Posted by Kerry GodesSenior Manager, Worldwide Marketing and Operations
The Open Data Protocol (OData) is a REST-based open web protocol for unlocking and sharing data, freeing it from silos that exist in some software applications today. The OASIS international consortium has launched a new initiative that will standardize OData and simplify the querying and sharing of data across applications for re-use in the enterprise, mobile devices, and the Cloud.
More than 57 members from around the world are now participating in the OASIS OData Technical Committee, which had its inaugural meeting at Microsoft last month. “We’re seeing a wave of Cloud standardization projects at OASIS that use REST, AtomPub, and JSON technology,” said Laurent Liscia, OASIS Executive Director. “OData is an exciting addition to our portfolio. The response to the new Committee has been tremendous.”
To learn more about OData and how organizations and open source communities can benefit from OData support, check out the Interoperability @ Microsoft blog or OASIS’ news update.
In celebration of the 40th anniversary of its first arcade games – classics like Pong, Asteroids, and Missile Command – Atari partnered with Internet Explorer and Grant Skinner to create the new Atari Arcade that features eight classic games with more titles to come.
As a leading pioneer of this entertainment platform, Atari sold 30 million Atari 2600 consoles, quickly became the definitive gaming platform of its era, and inspired multiple video game franchises.
Guaranteed to spark nostalgia for enduring fans, the Atari Arcade is also intended to reach a new and broader audience of gamers and game developers via the web. The games were all built with HTML5 and multi-player capabilities that come to life with a new Windows 8 touch device and Internet Explorer 10. They also work great in IE9 on a Windows 7 PC, or any other modern browser.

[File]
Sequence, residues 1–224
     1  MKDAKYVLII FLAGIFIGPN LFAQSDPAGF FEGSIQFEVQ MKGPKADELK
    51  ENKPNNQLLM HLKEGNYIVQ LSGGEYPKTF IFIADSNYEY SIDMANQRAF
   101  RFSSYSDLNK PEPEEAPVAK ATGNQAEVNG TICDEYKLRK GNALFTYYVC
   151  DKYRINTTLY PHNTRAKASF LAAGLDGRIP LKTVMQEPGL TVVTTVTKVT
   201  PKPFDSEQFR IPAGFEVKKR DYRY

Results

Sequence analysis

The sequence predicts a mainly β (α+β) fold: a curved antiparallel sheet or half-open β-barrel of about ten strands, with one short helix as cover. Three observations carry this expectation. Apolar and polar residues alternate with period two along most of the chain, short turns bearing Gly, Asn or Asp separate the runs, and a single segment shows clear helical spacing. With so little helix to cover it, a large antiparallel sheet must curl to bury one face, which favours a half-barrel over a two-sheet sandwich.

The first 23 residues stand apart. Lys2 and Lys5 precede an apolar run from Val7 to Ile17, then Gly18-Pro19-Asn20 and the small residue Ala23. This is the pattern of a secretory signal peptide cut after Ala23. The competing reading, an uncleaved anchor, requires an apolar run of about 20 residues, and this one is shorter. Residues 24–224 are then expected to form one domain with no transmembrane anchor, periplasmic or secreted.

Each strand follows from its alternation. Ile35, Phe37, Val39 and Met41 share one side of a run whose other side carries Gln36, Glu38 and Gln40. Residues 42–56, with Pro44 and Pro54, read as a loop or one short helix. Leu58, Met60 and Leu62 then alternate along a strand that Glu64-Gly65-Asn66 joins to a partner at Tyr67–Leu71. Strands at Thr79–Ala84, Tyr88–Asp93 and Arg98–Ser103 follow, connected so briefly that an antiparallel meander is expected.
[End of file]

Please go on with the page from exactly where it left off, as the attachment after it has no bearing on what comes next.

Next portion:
Hear from Atari’s Founder Nolan Bushnell and the team on how the project came together in this video:
Posted by Anandeep PannuSenior Program Manager, Open Source Technical Center
Yesterday on the blog, we announced that FreeBSD support is now ready and available for Windows Server Hyper-V users. Thanks to the diligent work by our partners Citrix and NetApp, who together helped us contribute some 8,500 lines of code for the release, FreeBSD 8.2 can now run on Windows Server 2008 R2 Hyper-V as a first-class guest. We are excited by how ties to the FreeBSD community have strengthened by working with Citrix and NetApp to offer our customers more options as they implement server virtualization and move toward cloud computing. We connected with Citrix’s Tom Goodwin, Software Architect for the FreeBSD Integration Services project, to learn more about Citrix’s efforts to deliver FreeBSD support for Hyper-V.